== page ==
Wanted: a loving owner with deep pockets to buy pier

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The Independent Online

For anyone with £2.8m to spare and a yearning for uninterrupted views of the grey North Sea, it is the perfect investment - a 300ft pier, complete with ghost.

For anyone with £2.8m to spare and a yearning for uninterrupted views of the grey North Sea, it is the perfect investment - a 300ft pier, complete with ghost.

The owners of the Claremont Pier in Lowestoft, which has survived attacks by stormy seas and the British Army in its 102 years, announced yesterday that they were putting it up for sale to concentrate on less demanding projects.

The Claremont began life in 1903 as a landing stage for steamers bringing day-trippers from central London to resorts along the Essex and Suffolk coasts, from Southend to Great Yarmouth. But the glory days of the Edwardian era have long passed for the pier, one of Britain's 55 surviving seaside piers built to cater for the boom in holidaymakers at the turn of the 20th century.

The steamer service ended in 1939 when Army demolition experts were brought in to destroy its middle section to prevent Nazi forces invading via the amusement arcade.

Most of the Claremont is now closed because of safety concerns and it will take a further £1.5m on top of the £2.8m price tag to restore the pier to its original specifications. The structure achieves its current £1m annual turnover from a range of businesses at its shore end, including a nightclub, an amusement arcade and a fish restaurant.

David Scott, the Lowestoft architect whose family have owned the pier for 35 years after his grandfather bought it, said it was no longer possible for a small private owner to allow the business to thrive. He said: "It is sad to see it go - it has been in the family for three generations and we have seen three generations of people pass through.

"It has been a labour of love in many ways but now you need a large corporate body to take it into the 21st century. It is a great business opportunity because a pier remains an attraction for very many people."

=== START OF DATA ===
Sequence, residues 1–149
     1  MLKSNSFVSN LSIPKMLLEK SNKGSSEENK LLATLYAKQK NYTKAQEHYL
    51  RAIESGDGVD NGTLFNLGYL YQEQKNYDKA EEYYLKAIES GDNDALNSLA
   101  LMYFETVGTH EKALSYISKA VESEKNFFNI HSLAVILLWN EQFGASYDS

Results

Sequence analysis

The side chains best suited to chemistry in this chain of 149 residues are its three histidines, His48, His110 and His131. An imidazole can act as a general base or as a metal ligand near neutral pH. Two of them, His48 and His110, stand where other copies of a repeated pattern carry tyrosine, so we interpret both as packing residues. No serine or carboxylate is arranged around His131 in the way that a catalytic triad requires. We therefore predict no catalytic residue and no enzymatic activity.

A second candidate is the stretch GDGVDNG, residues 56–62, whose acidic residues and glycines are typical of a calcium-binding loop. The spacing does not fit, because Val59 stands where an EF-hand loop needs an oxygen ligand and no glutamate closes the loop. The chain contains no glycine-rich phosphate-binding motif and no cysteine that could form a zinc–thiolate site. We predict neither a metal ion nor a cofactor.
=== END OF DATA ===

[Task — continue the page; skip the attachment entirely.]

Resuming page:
Pier enthusiasts point out that despite a few high-profile disasters, in particular the continued failure of efforts to save Brighton's Grade I-listed West Pier, the industry remains popular.

Blackpool and Brighton's Palace piers are among the country's leading tourist attractions and £7m has been given in Lottery grants towards the restoration of other piers.

Anthony Wills, chairman of the National Piers Society, said: "Piers are something almost unique to this country - we have more than the rest of the world put together and they are something to celebrate.

"We should not consider them part of a nostalgic past. They are no more nostalgic than museums, art galleries or stately homes."

The Lowestoft pier, built by the Coast Development Company along with other structures at Southwold and Felixstowe to serve its steamboat fleet from London Bridge, is at the heart of a £14.5m scheme to regenerate the Suffolk resort.

It is hoped a new owner will extend the existing structure to its original 600ft length, complete with a T-shaped pier head to allows boats to dock.

Plans were put forward last year to run a ferry service to the pier at Southwold, the favoured Suffolk bolthole of the chattering classes. But the proposal has yet to come to fruition.

In the meantime, it seems that the pier's purchaser will have to make do with at least one permanent visitor. Mr Scott said: "We do have a ghost. She is a woman whose son was crushed to death when he slipped between one of the steam boats and the pier while boarding. She is seen dressed in her long fur coat."